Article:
After months of shutdown, the global hospitality industry is finally starting to show signs of a rebound, with hundreds of thousands of hotels, restaurants, pubs, and clubs reopening for the first time after a very long hibernation.
The rebound, however, is nowhere near as smooth as the industry had hoped for, with many businesses realizing that recovering lockdown losses isn’t something that can be achieved in a matter of months, let alone years.
Even more worrying has been the industry’s struggle to find enough staff to continue operating at all, finding themselves victim to a recent phenomenon known as “The Great Resignation.”
It’s a term coined by Texas A&M University Professor and Psychologist Anthony Klotz in late 2020, explaining the predicted mass exodus of workers across all industries, around the world.
According to recent research by Microsoft, more than 40 percent of the global workforce are considering leaving their employers this year. Some observers blame the COVID-19 pandemic, whilst others argue that this phenomenon was in the making before the first COVID case was even detected.
One thing is clear—the phenomenon has impacted diverse economies ranging from Thailand to Ireland, and from the United States to Germany. It is also clear from extant data that the hospitality industry is the one worst hit by The Great Resignation.
How will Australia be impacted by the Great Resignation? Behavioral scientist Aaron McEwan, from global research and advisory firm Gartner, predicts that we will see the Great Resignation in Australia come March 2022. It appears, however, that for some industries—including gaming—The Great Resignation has already established a strong foothold in the Land Down Under.
The Australian Gaming Industry
The Australian Gaming Industry is like no other in the world. Total gaming revenues in Australia prior to the pandemic totaled around $20 billion, the majority (around $12 billion) comes from thousands of clubs and pubs strewn all over the country, all of whom offer slot machine play.
The number of slot machines (referred to as “pokies” in Australia) represents 76 percent of the world’s slot machines stationed in non-gaming venues. In New South Wales alone, there are 95,000 such machines.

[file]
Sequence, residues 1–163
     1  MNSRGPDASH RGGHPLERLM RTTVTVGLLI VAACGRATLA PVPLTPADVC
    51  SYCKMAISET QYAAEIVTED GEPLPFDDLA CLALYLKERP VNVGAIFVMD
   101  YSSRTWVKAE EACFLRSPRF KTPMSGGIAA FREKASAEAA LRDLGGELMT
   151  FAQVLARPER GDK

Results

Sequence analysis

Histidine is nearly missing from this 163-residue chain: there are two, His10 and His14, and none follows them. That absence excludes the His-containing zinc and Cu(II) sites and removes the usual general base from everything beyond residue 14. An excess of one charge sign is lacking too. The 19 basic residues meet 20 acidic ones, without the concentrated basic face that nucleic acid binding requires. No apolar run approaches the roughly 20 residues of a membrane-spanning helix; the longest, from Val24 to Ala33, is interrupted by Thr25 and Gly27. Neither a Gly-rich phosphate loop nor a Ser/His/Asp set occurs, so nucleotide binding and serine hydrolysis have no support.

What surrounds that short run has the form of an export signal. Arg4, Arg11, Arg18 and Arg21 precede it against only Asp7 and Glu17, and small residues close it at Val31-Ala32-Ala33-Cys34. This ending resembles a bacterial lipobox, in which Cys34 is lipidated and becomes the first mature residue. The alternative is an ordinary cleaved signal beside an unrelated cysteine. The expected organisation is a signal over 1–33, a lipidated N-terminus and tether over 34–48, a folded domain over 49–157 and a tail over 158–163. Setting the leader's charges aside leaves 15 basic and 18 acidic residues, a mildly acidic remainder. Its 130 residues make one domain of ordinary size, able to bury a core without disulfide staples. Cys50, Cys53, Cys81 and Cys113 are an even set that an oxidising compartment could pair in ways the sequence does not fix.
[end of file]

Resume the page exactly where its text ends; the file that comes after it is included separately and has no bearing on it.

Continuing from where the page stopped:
We, therefore, decided to investigate The Great Resignation in Australia’s gaming industry through the vantage point of the clubs in Australia. We approached CEOs and HR Heads of six clubs in New South Wales, based both in metropolitan cities as well as regional areas. The focus of our interviews was to assess the extent of labor shortages in the club industry and to gather senior leadership’s perceptions on the causes and consequences of this conundrum.
A few executives spoke to us under the condition of anonymity, while most others consented to their views being quoted.
Labor Situation in Australian Clubs
The Australian club industry has been hit hard by labor shortages. And it seems the regional clubs are not immune from its impact. Every CEO and HR Manager that we reached out to, regardless of location, said that they have been experiencing labor shortages since the last few months.
We further asked the level at which worker shortage was most acute—frontline staff, supervisory level or managerial level. Our interviewees were equally split in response to this question. Three managers indicated that the shortage of workers was evidenced mostly at the frontline level while the other three said that the shortage of workers was felt at all levels.
We then asked our respondents what they thought were the causes of employee scarcity.
Several reasons were offered including government policy, attitude of Gen Z workers, fear arising from the pandemic, and abundance of jobs available outside the industry. Debbie Condon, HR Manager of The Ary Toukley had this to say, “COVID has changed many people’s views on their choices, they no longer feel safe and secure working in hospitality… Working nights and weekends [is] also having an impact. Being subservient to entitled customers who are at times extremely rude is another reason many do not see it [club employment] as an attractive career opportunity.”